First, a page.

What is the core anyway?
In order to understand why core exercises can help avoid low back pain, it is important to first stop and look at what the core is.
The core is much more than the six pack muscle:
Many people think of the core as just the 6 pack muscles. The rectus abdominis is commonly referred to as such, it is the muscle running vertically one each side of the abdomen. The linea alba, connective tissue, divides the muscle in the middle. The major core musculature includes the following muscles: rectus abdominis, transverse obliques, internal obliques, internal obliques, pelvic floor muscles, erector spinae and the diaphragm. Some other muscles that contribute to the core are the gluteus maximus, latissimus dorsi and the trapezius. All of these muscles need to work together to have the best stabilizing effects, to prevent injury and to improve your posture.
The diaphragm and breathing:
As a society, we are focused on having flat stomachs and six pack abs. Many of us hold our stomachs in throughout the day which increases the pressure into our pelvic floor and chest. Diaphragmatic breathing can help to train breathing patterns, to strengthen the diaphragm and reduce stress. The diaphragm is located at the base of the lungs. When we breathe into our chest, the diaphragm becomes weakened and the neck and chest muscles have to work a lot harder. Diaphragmatic breathing needs to be practiced, at first it it may seem difficult but over time, it will get much easier and effective.
- Lie on your back with your knees bent and your head placed on a pillow. You can also place a pillow under your knees.
- Place one hand on your chest and the other below your rib cage. This will help to feel the diaphragm move.
- Breathe in through your nose and watch your hand move. The hand on the chest should be very still with only very little movement. Exhale through your mouth.
- Do 2 sets of 15 repetitions twice per day
Importance of the core:
The core is in the center of the body which help to keep us upright, to stabilize the trunk during movement of the hips and shoulders as well as protect the low back from excessive loading. A strong core is important to enhance performance and avoid injury. When thinking of performance, not only lifting heavy weights in the gym or participating in sports should be considered. Activities of every day life are a very big component such as carrying your children, picking up the groceries from the ground and doing yard work. Injuries of the low back are commonly thought to be due to one specific movement. The reality is that a history of poor biomechanics and repetitive movements with excessive rotation, forward bending and bending from side to side are the cause for injury. Learning how to engage the core and maintaining a neutral spine through all activities will stabilize the spine and avoid injury.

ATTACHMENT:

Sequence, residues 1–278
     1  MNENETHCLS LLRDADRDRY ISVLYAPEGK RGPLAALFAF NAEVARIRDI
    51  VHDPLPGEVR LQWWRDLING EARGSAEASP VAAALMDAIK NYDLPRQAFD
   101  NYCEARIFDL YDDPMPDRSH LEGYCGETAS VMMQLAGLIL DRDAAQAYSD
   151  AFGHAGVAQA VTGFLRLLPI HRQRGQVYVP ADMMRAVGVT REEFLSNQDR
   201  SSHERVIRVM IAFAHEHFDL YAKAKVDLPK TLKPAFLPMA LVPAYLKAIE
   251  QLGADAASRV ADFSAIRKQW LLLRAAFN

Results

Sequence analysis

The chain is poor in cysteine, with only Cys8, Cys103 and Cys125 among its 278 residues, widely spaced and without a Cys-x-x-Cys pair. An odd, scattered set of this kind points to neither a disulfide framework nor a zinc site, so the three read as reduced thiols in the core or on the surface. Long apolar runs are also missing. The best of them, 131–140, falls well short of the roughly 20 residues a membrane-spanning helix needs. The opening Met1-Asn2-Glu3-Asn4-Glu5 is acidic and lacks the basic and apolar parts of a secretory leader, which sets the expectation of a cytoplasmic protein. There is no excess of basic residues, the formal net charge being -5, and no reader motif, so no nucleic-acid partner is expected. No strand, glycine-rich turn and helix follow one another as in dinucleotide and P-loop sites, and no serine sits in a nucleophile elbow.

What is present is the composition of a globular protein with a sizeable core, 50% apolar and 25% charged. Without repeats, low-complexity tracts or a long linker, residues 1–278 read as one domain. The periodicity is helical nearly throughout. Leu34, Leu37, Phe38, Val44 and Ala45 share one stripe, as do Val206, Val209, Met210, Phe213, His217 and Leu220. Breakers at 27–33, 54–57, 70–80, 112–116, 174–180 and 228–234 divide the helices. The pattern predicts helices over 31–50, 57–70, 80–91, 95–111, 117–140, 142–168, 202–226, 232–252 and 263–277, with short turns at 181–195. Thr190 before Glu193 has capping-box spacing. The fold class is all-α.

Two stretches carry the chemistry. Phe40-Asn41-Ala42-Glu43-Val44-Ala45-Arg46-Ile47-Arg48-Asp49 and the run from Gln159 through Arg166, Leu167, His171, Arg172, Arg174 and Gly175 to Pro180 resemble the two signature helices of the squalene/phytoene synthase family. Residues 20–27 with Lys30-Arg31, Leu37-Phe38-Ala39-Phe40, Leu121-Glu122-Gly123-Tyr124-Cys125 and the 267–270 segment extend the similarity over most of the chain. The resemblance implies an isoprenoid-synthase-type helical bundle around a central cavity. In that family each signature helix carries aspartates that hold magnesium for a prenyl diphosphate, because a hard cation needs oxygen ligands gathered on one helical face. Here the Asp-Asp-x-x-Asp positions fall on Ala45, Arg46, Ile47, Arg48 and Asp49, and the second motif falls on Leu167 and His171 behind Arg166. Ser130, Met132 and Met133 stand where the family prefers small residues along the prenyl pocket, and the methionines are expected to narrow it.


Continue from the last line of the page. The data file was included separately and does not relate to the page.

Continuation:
Exercises to train the core correctly:
Sit-ups and crunches are exercises commonly used when doing core workouts; however these movements are only targeting the rectus abdominis and may cause excessive pressures in the low back and pelvic floor. Focusing more on functional movement and engaging the deep core muscles are key to train the core effectively. The core are endurance muscles; so doing high repetitions or holding a certain exercise for a few seconds builds the core most effectively. It is very important to maintain a neutral spine through out the exercise as well as to continue breathing throughout the movement. Here are a few core exercises described.
- Lie on your back with the knees bent to 90 degrees and your head relaxed on a pillow.
- Place your hands on your pelvis (the bones on either side of your lower abdomen) and then flatten your back against the floor by contracting your abdominal muscles.
- Hold this position for 10 seconds before releasing. Breathe throughout the movement.
- Do 3 sets of 10 repetitions, holding each repetition for 10 seconds.
- Lie on your back with your knees and hips at 90 degrees and your arms straight up towards the ceiling.
- Perform a posterior pelvic tilt and hold this position for 30 seconds.
- Once you are comfortable holding that position for 30 seconds, you can start moving the opposite arm and leg towards the ground while engaging your core.
- Do 3 sets of 10 repetitions, holding the working position for 3 seconds.
- Place your knees hip width apart while kneeling and your hands below yours shoulders. Brace your core in a neutral position.
- Start by lifting up one arm at a time in front you. Once you are comfortable with this, move one leg at a time while maintaining balance and a tight core.
- Then lift opposite arm and leg while maintaining a neutral spine. Go back to the starting position and lift the other arm and leg.
- Do 3 sets of 5 repetitions to start of with and eventually move to 15 repetitions.
- Lie on your stomach and place your forearms
- below the shoulders and tuck your toes to lift the body off the floor.
- Engage your core and maintain a neutral spine.
- Hold this position for 10 seconds before resetting. Do 6 sets of this.
- Once you are comfortable, hold the plank longer and longer.
Sit to stand exercise:
- Start by sitting at the edge of a chair with your hips, knees and ankles at 90 degrees. Place your feet firmly on the ground. You can cross your arms across the chest or have them straight out.
- Then slowly engage your core, apply weight into your heels and get up from the chair. Do not lean forward as much and do not use momentum. Use your legs to stand up. Ensure that your knees do not collapse in.
How can the Chiropractors at Santa Clara Custom Chiropractic help to strengthen your core?
As chiropractors, we are trained to look at the spine throughout movements as well as prescribing safe and effective rehabilitation exercises. Book your appointment today to learn more at Santa Clara Custom Chiropractic.